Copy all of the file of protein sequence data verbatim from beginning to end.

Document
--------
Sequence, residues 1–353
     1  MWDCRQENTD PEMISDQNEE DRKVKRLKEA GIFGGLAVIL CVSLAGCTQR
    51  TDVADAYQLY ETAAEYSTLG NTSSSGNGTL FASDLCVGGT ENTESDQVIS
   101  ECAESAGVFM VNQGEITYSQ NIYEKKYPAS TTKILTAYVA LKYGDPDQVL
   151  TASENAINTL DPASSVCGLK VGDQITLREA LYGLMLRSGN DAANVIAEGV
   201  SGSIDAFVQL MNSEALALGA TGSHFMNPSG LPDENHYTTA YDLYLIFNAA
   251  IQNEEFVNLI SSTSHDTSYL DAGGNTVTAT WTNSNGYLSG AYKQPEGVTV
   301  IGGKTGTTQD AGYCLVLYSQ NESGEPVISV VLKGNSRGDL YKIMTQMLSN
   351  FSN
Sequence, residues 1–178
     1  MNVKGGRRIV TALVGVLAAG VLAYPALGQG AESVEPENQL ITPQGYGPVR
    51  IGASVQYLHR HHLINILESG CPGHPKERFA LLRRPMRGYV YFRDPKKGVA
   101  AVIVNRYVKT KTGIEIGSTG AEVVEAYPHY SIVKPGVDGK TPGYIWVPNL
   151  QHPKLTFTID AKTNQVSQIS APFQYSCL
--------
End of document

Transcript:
Sequence, residues 1–353
     1  MWDCRQENTD PEMISDQNEE DRKVKRLKEA GIFGGLAVIL CVSLAGCTQR
    51  TDVADAYQLY ETAAEYSTLG NTSSSGNGTL FASDLCVGGT ENTESDQVIS
   101  ECAESAGVFM VNQGEITYSQ NIYEKKYPAS TTKILTAYVA LKYGDPDQVL
   151  TASENAINTL DPASSVCGLK VGDQITLREA LYGLMLRSGN DAANVIAEGV
   201  SGSIDAFVQL MNSEALALGA TGSHFMNPSG LPDENHYTTA YDLYLIFNAA
   251  IQNEEFVNLI SSTSHDTSYL DAGGNTVTAT WTNSNGYLSG AYKQPEGVTV
   301  IGGKTGTTQD AGYCLVLYSQ NESGEPVISV VLKGNSRGDL YKIMTQMLSN
   351  FSN
Sequence, residues 1–178
     1  MNVKGGRRIV TALVGVLAAG VLAYPALGQG AESVEPENQL ITPQGYGPVR
    51  IGASVQYLHR HHLINILESG CPGHPKERFA LLRRPMRGYV YFRDPKKGVA
   101  AVIVNRYVKT KTGIEIGSTG AEVVEAYPHY SIVKPGVDGK TPGYIWVPNL
   151  QHPKLTFTID AKTNQVSQIS APFQYSCL